In the days and weeks following the Sikh Temple shooting that killed six worshippers near Milwaukee Aug. 5, the Muslim community — though its members practice a different faith — faced violent and hateful acts as well.
A mosque in Joplin, Mo. was razed in a fire. A man was charged with shooting at a Morton Grove mosque. Anti-Islamic writing was twice found on a grave site in the Muslim section of an Evergreen Park cemetery.
Believing a dialogue should take place to form a deeper understanding of Hanover Park’s own Muslim residents, and hopefully prevent them from becoming future targets, village leaders put together a cultural forum, “Who are my Muslim Neighbors?”
The free event, sponsored by the village’s Cultural Inclusion and Diversity Committee, will take place from 2 to 4 p.m. Saturday, Sept. 22, at the police headquarters community room, 2011 W. Lake St., Hanover Park.
“Things have started hitting a lot closer to home,” Hanover Park Clerk Eira Corral said. “We’re a community that embraces diversity and stands for inclusion, and we don’t want these incidents to start having a backlash.”
Leading the forum will be Gerald Hankerson, outreach coordinator of CAIR Chicago, the Council on American-Islamic Relations. He’ll give a presentation that highlights the diversity of the Muslim community, especially relating to social and political viewpoints, and briefly outline some basic tenets and foundations of the faith.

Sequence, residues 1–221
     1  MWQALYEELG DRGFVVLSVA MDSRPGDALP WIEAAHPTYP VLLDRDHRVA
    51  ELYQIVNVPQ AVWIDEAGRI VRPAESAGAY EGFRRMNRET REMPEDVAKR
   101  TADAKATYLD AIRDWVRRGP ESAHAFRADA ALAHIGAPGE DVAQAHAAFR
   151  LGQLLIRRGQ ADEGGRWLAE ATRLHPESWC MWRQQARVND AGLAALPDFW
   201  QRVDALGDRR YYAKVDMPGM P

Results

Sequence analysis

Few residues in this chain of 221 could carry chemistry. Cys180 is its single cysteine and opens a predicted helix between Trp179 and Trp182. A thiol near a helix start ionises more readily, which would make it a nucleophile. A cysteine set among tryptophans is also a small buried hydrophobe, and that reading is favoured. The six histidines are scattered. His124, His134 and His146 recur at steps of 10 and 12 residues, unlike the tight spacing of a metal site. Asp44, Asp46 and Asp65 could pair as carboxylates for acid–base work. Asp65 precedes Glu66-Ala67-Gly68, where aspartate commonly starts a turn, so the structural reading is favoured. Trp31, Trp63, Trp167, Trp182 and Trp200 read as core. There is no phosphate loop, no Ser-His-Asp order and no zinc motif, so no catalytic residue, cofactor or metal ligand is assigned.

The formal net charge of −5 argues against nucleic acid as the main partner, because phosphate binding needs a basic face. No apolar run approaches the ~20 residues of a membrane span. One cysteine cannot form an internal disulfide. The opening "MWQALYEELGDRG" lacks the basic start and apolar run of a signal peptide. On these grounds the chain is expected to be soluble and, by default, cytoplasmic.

Hankerson also will touch on recent demonstrations over an anti-Islamic film and discuss a variety of viewpoints, such as why someone might choose to wear a jihab, and concepts of jihad and how it’s defined in the faith and by the media.
“I want to illustrate how the Muslim community is quite vibrant and willing to contribute to society,” Hankerson said. “There are more than a billion Muslims who are quite good humans, and who live in our backyard.”
After Hankerson’s presentation, there will be a question-and-answer session. Organizers say the forum will be a structured and safe environment.
“I’m expecting some hot-button questions, and my hope is that people will leave with a better understanding of who their Muslim neighbors are,” Corral said.
Corral, Mayor Rod Craig and committee Chair Sharmin Shahjahan plan to speak briefly.
For more information, contact Corral at (630) 823-5601 or email firstname.lastname@example.org.